Thursday, December 16, 2010
Climb Every Mountain
Here's an inconvenient truth for you: Painting is hard. Now, I can hear some folks saying that I'm a wimp to think that. They'll say that there's no heavy lifting involved in painting, no boss yelling at you. All you do is put some pleasant music on the stereo, swish some pretty colored paint on a canvas while you let your muse create whatever comes to mind. Then you call it Untitled Dreamscape #184 and sell it for a million bucks. To that I call B.S.!
This month marks my third anniversary of painting full time. Back when I decided to jump off the cliff and see where I'd land, I thought it would be easy. I mean, I'd been painting for thirty years and sold almost everything I painted, and I won some awards. So why not just throw myself into doing what I've always wanted to do? How hard can it be? I admit, I've had some success, and some setbacks. But the one thing I've noticed like a zit on the tip of my nose is that I need to get better. In these three years I've immersed myself in the study of other artists and what they do to create their beautiful paintings. What I've found makes me feel like I'm flying a crop-duster by the seat of my pants, while they captain 747's!
As a lover of analogies, let me use one to describe my Artistic Journey. Let's say I want to climb Mt Everest. I fly to the mountain and start heading on up. When I get to the first camp, I'm told I need a thick, warm blue parka. So I go back down, and though it was hard to find, I get one. I climb up past the first camp to the second, where I'm told I need more orange rope. Back down I go to get it, where I notice it's really expensive. But I get it. Then back up the mountain even higher, where now I find I need a bottle of oxygen if I want to go on. After going all the way back down, then all the way back up to the top, I look and see that I was on a false peak, and I still have more mountain to climb! But I've also learned that I didn't really need a blue parka, any color would do, and green rope works just as well as orange. The one common denominator was that everyone on the mountain had a parka, rope and oxygen.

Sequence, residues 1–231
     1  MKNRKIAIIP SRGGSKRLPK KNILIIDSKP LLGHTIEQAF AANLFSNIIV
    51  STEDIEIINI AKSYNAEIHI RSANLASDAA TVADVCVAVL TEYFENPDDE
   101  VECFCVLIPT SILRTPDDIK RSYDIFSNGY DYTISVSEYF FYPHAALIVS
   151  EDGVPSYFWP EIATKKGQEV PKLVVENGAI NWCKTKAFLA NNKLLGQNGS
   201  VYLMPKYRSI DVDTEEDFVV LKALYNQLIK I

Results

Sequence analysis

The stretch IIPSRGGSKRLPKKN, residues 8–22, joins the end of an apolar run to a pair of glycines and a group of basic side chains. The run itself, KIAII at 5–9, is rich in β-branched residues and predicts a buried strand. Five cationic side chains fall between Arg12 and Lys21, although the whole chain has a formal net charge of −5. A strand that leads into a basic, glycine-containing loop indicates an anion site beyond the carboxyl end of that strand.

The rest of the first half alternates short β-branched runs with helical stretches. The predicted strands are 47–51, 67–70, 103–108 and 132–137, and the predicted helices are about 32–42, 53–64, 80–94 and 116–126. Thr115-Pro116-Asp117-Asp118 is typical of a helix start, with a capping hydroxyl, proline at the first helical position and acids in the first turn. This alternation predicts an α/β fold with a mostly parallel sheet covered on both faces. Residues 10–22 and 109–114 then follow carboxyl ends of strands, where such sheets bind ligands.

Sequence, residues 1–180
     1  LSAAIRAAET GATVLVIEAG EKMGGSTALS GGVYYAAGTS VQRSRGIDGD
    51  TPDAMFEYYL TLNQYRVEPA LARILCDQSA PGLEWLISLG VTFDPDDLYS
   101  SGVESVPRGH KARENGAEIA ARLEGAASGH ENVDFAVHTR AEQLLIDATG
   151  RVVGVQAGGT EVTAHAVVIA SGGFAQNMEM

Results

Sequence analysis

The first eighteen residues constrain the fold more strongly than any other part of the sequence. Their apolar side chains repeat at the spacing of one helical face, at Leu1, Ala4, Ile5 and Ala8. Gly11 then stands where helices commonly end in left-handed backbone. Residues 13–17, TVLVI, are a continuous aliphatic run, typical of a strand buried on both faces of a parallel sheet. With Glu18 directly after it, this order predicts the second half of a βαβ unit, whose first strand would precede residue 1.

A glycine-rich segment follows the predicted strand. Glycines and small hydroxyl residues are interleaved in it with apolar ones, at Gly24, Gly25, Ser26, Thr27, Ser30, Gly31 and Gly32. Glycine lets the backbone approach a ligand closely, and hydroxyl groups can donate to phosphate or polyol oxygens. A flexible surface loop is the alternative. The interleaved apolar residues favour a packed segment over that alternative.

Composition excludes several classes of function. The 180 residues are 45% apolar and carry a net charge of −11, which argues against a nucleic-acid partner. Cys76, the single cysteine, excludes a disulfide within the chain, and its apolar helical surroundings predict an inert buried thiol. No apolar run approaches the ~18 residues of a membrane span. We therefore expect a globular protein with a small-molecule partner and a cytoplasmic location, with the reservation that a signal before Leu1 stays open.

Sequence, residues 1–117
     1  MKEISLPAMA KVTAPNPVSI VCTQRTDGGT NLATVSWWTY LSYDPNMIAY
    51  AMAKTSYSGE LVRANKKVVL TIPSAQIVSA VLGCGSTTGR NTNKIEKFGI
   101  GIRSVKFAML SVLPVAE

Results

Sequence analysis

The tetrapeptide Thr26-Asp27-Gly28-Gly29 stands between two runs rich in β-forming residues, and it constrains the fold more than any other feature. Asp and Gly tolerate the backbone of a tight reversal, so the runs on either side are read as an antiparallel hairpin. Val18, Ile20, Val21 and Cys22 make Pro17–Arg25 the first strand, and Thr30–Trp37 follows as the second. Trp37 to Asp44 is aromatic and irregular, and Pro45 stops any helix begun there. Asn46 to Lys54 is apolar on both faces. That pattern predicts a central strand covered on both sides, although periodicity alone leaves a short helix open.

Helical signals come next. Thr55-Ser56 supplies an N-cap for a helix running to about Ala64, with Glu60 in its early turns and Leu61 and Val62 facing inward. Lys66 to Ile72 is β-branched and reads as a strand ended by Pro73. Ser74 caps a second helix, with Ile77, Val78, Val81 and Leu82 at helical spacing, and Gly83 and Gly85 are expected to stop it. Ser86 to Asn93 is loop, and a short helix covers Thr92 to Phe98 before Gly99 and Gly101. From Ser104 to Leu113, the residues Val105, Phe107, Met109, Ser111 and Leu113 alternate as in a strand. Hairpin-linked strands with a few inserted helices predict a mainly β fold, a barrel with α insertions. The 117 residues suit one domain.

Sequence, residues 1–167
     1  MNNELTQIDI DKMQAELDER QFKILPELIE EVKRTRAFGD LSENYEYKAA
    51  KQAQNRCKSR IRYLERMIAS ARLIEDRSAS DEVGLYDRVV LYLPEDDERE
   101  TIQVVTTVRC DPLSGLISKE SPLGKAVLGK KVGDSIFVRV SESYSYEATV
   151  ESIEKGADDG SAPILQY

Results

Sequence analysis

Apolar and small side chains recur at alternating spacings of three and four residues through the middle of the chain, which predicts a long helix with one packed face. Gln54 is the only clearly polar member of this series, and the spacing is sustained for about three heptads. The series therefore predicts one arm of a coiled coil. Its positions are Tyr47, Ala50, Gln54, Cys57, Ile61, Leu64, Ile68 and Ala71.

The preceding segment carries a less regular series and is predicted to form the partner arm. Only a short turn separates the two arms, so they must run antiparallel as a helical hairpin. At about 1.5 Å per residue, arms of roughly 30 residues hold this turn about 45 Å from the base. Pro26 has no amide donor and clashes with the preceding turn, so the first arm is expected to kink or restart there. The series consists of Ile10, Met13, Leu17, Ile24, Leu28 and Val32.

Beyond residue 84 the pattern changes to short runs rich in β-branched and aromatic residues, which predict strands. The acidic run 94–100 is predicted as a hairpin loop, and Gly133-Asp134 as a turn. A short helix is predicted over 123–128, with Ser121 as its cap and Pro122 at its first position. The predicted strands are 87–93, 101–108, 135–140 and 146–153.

And that's what I've found in studying my craft. The more I learn, the more I realize how little I know, and how much more there is to know. But each nugget of information is another step up that hill. Every artist I've studied uses a different technique. Some artists use extensive studio prep work, others plein air. Some glaze while others might paint wet-in-wet. So what I look for are the commonalities, which are; superb drawing skills, awesome design skills, and a scientific knowledge of colors and what they are capable of. Another thing: while they may have been born with more talent than I, they worked countless hours at all of those phases to be what they are.
So after three years of living the life, and enjoying every moment of it, I can safely say I have now reached the bottom of the mountain. I guess I'll start climbing now.